At UN debate, Japan vows to back global push for inclusive quality education for all girls and women
“In Japan, where the labour participation rate for women has seen a marked rise, we are witnessing that self-evident fact on a daily basis”, said Shinzo Abe.
He recalled that last March, while Malala Yousafzai was in Tokyo, she told him that perhaps 100 million girls lack the skills they need to have a good command of modern technology, because they don't undergo a minimum education of 12 years.
Highlighting policies that empower women and girls, Mr. Abe was delighted that his country has been “able to capture what Malala advocates for”.
“We pledged to ‘promote inclusive quality education for all girls and women’ [and] Japan wishes to run at all times at the very front of the pack with respect to these efforts”, he said.
Over the next three years, Japan will provide “enriched education to a minimum of nine million children and young people in Sub-Saharan African and Asian nations”, with a plan to “expand e-learning for primary school children” in Sri Lanka and “Internet-based mathematics and science education” in Rwanda, according to the Prime Minister.
Noting that this was his seventh address to the General Assembly, he flagged that over that time, “I have consistently emphasized the importance of empowering women and girls and the value of making health care universally available”.
At the same time, he emphasized that Japan “earnestly” values education and “aspires to be an ‘FP’…or a ‘foster power, one that fosters human capacity”.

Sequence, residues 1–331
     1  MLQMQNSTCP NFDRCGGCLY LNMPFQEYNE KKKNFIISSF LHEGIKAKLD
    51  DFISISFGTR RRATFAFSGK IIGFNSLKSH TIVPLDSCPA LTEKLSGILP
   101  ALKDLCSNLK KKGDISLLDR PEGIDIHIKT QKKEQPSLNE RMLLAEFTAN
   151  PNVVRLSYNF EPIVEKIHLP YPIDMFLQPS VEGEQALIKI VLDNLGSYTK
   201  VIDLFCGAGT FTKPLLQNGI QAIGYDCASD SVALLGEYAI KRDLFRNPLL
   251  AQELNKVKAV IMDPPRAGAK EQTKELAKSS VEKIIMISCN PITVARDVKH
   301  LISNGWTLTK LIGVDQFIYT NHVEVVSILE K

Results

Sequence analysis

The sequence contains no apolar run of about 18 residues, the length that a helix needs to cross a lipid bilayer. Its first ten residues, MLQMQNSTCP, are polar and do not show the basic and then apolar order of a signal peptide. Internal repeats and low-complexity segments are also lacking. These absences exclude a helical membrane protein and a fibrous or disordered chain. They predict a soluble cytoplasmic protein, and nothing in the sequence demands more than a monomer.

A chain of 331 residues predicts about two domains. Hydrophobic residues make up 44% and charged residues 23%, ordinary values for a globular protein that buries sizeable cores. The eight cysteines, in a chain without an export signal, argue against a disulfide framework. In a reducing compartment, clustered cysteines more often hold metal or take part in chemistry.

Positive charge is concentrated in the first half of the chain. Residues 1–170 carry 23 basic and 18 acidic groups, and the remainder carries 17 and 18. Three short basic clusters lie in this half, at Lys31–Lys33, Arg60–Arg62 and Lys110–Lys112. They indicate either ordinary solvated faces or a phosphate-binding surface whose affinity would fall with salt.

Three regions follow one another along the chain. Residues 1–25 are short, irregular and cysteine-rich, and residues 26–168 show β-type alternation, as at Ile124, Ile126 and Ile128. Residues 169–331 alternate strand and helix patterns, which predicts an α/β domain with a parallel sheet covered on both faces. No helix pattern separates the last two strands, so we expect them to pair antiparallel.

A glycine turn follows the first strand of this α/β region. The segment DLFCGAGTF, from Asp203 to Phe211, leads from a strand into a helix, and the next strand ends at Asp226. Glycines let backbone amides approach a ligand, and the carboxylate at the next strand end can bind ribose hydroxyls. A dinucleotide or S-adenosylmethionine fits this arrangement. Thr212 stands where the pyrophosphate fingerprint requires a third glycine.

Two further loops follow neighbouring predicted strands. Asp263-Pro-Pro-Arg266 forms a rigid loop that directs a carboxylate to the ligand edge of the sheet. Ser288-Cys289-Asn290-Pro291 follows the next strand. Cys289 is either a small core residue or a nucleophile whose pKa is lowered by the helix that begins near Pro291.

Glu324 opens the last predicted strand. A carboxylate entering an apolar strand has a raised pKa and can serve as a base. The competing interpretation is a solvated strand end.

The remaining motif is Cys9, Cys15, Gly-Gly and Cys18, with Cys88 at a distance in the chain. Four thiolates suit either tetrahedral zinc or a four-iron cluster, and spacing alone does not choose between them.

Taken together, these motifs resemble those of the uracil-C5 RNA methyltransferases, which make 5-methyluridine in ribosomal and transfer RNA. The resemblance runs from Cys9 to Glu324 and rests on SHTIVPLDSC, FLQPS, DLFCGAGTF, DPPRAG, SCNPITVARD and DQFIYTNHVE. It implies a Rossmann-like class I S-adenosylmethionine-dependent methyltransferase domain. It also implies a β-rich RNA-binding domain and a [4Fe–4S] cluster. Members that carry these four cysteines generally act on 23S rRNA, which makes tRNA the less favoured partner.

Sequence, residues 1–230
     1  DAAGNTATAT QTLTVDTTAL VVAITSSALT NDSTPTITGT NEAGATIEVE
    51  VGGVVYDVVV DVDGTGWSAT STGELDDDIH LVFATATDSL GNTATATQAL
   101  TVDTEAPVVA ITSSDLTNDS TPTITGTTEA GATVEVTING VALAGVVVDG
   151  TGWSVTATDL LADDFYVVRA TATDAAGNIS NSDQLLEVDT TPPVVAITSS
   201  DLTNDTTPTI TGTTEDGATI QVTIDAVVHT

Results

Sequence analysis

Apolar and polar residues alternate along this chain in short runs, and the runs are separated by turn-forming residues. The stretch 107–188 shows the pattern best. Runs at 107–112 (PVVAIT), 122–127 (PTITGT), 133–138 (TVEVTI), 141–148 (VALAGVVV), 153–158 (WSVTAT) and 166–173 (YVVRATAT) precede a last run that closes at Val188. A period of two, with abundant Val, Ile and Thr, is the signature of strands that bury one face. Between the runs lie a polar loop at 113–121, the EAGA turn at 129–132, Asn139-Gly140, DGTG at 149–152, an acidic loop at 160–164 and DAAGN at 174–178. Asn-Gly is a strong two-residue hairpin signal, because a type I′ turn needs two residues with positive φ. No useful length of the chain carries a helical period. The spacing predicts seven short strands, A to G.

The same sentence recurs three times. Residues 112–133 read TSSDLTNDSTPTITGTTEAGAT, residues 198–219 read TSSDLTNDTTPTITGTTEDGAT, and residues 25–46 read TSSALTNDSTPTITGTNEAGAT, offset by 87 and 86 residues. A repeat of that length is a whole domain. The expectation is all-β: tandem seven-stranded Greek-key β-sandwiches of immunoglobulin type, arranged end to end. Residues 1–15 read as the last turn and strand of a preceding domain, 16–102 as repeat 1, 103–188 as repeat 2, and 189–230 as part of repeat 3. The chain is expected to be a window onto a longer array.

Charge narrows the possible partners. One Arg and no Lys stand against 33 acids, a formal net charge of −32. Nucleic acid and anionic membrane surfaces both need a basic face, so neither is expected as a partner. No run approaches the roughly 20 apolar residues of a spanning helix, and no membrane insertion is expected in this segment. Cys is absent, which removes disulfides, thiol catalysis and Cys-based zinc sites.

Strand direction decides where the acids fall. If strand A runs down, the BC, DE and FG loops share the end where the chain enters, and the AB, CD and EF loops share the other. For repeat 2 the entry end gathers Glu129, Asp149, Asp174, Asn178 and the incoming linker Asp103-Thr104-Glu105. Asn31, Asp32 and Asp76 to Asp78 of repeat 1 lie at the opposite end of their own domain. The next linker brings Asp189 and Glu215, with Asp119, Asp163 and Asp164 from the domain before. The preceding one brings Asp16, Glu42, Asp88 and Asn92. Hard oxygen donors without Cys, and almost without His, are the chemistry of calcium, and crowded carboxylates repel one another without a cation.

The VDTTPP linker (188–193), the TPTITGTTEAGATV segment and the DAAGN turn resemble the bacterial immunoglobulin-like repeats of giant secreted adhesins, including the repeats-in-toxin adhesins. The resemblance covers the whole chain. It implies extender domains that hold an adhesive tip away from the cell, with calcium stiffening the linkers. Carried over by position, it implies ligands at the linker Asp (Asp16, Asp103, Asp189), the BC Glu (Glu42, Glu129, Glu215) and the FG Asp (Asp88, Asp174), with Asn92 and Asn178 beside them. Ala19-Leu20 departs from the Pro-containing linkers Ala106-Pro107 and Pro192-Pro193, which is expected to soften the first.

In closing Mr. Abe made three distinct points, beginning with North Korea.
Advocating for an approach by which two leaders “talk candidly with each other and try to work out the issues at hand”, the Prime Minister asserted: “I am determined to meet Chairman Kim Jong-un myself face to face, without attaching any conditions”.
“Japan’s unchanging objective is to normalize its relations with North Korea through comprehensively resolving the outstanding issues of concern with North Korea, including the abductions, nuclear, and missile issues, as well as settling the unfortunate past”, he said.
Secondly, he expressed Japan’s concerns regarding the situation in the Middle East.
“The attack on Saudi Arabia’s crude oil facilities was an extremely contemptible crime that holds the international economic order hostage”, Mr. Abe said.
“I consider precious the pronouncement made to me directly by Supreme Leader Khamenei of Iran, that he issued as a fatwa three repudiations regarding nuclear weapons, namely ‘not to possess, produce, or use’ them, and has ensured thorough implementation of that fatwa”.
Point number three was Japan’s intention to use multilateral frameworks and globalism to reduce disparities.
“The world will become more connected, leading more people to escape from poverty”, he maintained.
The Prime Minister argued that the world has the ability to make the changes it needs, and that “shall be reaffirmed right here in this great assembly hall”.